Biology

Education

  • BA, Albion College
  • MS, Univ of Cincinnati
  • PHD, Univ of Cincinnati

Professor of Biology

Ecology Major Coordinator

Program Director of GO Australia

Contact Information

Persons is a behavioral ecologist, studying chemically-mediated predator-prey interactions and sexual selection in wolf spiders. He and his students examine the information content of silk in antipredator, foraging, and mating decisions. Recent publications include: “Multimodal signaling: the importance of chemical and visual cues from females to the behaviour of male wolf spiders,” published in the journal Animal Behaviour; “Dragline deposition patterns among male and female Hogna helluo (Araneae, Lycosidae) in the presence of chemical cues from prey,” published in the Journal of Arachnology, and “Evolutionarily costly courtship displays in a wolf spider: a test of viability indicator theory,” published in the journal Behavioral Ecology.

He teaches the introductory course Ecology, Evolution, and Heredity; upper-level courses Animal Behavior, Comparative Vertebrate Anatomy, and Invertebrate Zoology; the freshman seminar, Perspectives; and a non-majors course in Human Ecology. He currently serves as a director of the American Arachnological Society.

  • BIOL-324: Animal Behavior
  • BIOL-325: Animal Behavior Lab
  • BIOL-101: Ecology and Evolution
  • BIOL-101L: Ecology and Evolution Lab
  • BIOL-504: Independent Study
  • BIOL-350: Investigative Problems in Biology
  • BIOL-510: Student Research I
  • ECOL-509: Student Research I
  • ECOL-510: Student Research I
  • ECOL-511: Student Research II

About Me

Persons is a behavioral ecologist, studying chemically-mediated predator-prey interactions and sexual selection in wolf spiders. He and his students examine the information content of silk in antipredator, foraging, and mating decisions. Recent publications include: “Multimodal signaling: the importance of chemical and visual cues from females to the behaviour of male wolf spiders,” published in the journal Animal Behaviour; “Dragline deposition patterns among male and female Hogna helluo (Araneae, Lycosidae) in the presence of chemical cues from prey,” published in the Journal of Arachnology, and “Evolutionarily costly courtship displays in a wolf spider: a test of viability indicator theory,” published in the journal Behavioral Ecology.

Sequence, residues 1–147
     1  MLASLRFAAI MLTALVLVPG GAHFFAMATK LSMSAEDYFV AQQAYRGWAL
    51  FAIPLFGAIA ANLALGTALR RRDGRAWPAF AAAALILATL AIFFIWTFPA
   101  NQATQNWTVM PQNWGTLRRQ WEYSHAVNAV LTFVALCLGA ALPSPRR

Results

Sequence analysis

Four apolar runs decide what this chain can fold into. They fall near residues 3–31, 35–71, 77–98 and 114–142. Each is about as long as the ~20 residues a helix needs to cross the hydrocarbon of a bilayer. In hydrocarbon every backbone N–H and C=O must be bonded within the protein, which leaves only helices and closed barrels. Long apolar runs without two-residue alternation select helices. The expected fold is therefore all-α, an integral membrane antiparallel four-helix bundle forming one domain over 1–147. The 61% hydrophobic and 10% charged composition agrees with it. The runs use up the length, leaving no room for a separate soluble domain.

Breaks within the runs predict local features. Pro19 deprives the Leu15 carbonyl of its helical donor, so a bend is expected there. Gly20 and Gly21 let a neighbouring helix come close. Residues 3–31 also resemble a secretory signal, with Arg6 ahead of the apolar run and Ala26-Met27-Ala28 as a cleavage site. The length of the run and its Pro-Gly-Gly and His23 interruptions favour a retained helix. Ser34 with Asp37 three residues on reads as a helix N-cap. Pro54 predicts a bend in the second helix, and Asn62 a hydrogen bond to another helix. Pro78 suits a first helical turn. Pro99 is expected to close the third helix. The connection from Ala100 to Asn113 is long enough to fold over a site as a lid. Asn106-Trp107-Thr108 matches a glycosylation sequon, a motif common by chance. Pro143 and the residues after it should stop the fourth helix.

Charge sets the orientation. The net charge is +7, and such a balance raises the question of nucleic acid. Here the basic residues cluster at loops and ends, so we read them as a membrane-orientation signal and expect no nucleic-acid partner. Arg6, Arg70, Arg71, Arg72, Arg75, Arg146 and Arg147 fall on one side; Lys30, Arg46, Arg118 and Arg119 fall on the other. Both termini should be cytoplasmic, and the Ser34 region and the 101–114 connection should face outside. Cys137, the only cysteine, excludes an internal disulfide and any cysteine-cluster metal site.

He teaches the introductory course Ecology, Evolution, and Heredity; upper-level courses Animal Behavior, Comparative Vertebrate Anatomy, and Invertebrate Zoology; the freshman seminar, Perspectives; and a non-majors course in Human Ecology. He currently serves as a director of the American Arachnological Society.

Courses Taught

  • BIOL-324: Animal Behavior
  • BIOL-325: Animal Behavior Lab
  • BIOL-101: Ecology and Evolution
  • BIOL-101L: Ecology and Evolution Lab
  • BIOL-504: Independent Study
  • BIOL-350: Investigative Problems in Biology
  • BIOL-510: Student Research I
  • ECOL-509: Student Research I
  • ECOL-510: Student Research I
  • ECOL-511: Student Research II